To understand this API’s various URL resources and the data it exchanges, you need to familiarize yourself with these concepts:
It’s an electronic document that identifies a company (such as the name of the company and address), a public key, and the digital signature of a CA based on that certification authority's private key. In a public-key encryption system, you can widely distribute public keys, but only the owner knows the paired private keys. Any person can encrypt content using the public key of the receiver, but only the receiver’s private key can decrypt the content.
It's a primary, self-signed certificate that meets the X.509 standard. This certificate identifies the certificate authority (CA) that signs a client's certificate.
It's a secondary certificate that meets the X.509 standard. This certificate serves as an extra level of security and a link of trust that provides the necessary chaining to the trusted root certificate in a secure socket layer connection.
When you create a certificate set along with its version, the API checks if the certificates are valid. After your CA set is activated, you can enable mutual authentication for the set in the Certificate Provisioning System.
Certificate is valid if:
- it's a properly formed x509 (PEM encoded) certificate,
- it has valid x509 CA bits set,
- it's within the validity period,
- it's a self-signed root certificate or an intermediate certificate,
- it uses SHA-256 signature hash algorithm or better unless
allowInsecureSha1option is set.
Allow SHA-1 (insecure) setting
Akamai recommends SHA-256 or higher algorithm for certificates. The
allowInsecureSha1option is disabled by default. If you want to use SHA-1 signed CA certificates for this version, enable this option.
End-entity (leaf) certificates
Mutual TLS Edge Truststore does not accept end-entity (leaf) certificates and returns a validation error if one is uploaded.
It’s a trusted entity that signs certificates and can vouch for the identity of a website. You can use Certificate Provisioning System to integrate and generate certificates using two CAs:
If you want to use a different CA, you also need to use a
It’s a set of CA certificates, versioned to allow incrementally different sets. If you delete a CA set it becomes read-only, which means you can no longer perform any operations on it but you can access the history of its activities.
It’s a revision of a given certificate set. When you create a CA set, it has no versions. You can activate the CA set on staging and production networks only after you create a version. Version numbers start at 1 and increment as you create new versions for a set. When you activate a certificate set on the production network, you activate a specific version of that set.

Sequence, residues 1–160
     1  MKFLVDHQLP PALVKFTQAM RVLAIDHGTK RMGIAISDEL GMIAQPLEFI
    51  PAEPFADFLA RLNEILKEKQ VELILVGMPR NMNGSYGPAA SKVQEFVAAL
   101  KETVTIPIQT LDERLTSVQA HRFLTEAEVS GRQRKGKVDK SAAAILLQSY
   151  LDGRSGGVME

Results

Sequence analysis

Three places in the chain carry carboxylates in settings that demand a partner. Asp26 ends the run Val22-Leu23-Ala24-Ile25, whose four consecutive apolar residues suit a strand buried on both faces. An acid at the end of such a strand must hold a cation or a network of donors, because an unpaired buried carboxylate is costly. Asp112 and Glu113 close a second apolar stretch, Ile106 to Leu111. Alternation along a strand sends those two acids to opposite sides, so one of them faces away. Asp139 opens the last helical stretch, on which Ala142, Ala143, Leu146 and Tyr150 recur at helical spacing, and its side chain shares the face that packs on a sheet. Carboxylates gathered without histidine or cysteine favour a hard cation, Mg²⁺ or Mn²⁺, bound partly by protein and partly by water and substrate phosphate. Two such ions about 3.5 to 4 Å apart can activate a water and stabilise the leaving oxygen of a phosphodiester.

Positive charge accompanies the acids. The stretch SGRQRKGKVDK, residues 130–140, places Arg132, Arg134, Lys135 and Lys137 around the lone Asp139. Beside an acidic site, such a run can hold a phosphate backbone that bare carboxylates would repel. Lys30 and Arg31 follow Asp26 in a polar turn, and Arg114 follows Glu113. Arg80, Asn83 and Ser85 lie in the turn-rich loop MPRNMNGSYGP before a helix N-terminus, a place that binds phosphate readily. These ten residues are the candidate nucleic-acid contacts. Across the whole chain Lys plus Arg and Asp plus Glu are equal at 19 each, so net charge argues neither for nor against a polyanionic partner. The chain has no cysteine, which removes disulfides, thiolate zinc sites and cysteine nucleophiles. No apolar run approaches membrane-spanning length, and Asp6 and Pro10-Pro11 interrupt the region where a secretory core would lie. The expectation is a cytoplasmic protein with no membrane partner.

Activating CA set versions on Akamai networks
Only one version of a CA set can be active on a network. The version on staging and production networks can be different.
You can modify a version as long as it's not activated on any network. Activating one version of a CA set on a network automatically deactivates any currently active version of the CA set on that network.
It specifies the network on which you want to activate your CA set. You can activate on the staging or production networks. Only one version can be active on either the staging or production network. When the activation process completes, the previously activated version becomes inactive. For the POST request to activate a CA set version, see the POST Activate a version API.
Before you delete a CA set, you need to deactivate its active version. When you delete a CA set, it is permanently removed from both staging and production networks and marked as Deleted. The deleted CA set becomes read-only and you can no longer perform operations on it (such as create version, activate version, etc.). For the POST request to deactivate a CA set version, see POST Deactivate a version API.
It’s a certificate managed by Akamai Certificate Provisioning System (CPS) that enables secure content delivery on Akamai.
It’s a file format for storing and sending cryptographic keys, certificates, and other data, based on a set of 1993 Internet Engineering Task Force (IETF) standards.
It stores certificates from a Certificate Authority that verify that the client and all CAs are trustworthy in an SSL connection.
Truststore is an integral component of the Public Key Infrastructure (PKI) framework. It acts as a centralized storage facility for digital certificates issued by trusted Certificate Authorities and their associated public keys, which ensures the authenticity and security of online communication.
TLS mutual authentication is a process where both the client and the server present certificate identities to one another, and each verify the authenticity of the other's claimed identity using locally configured trusted CA certificates. This is in contrast to common TLS server authentication on the Web, where only the server presents its certificate identity claim and the client verifies the authenticity of that claim using its local truststore.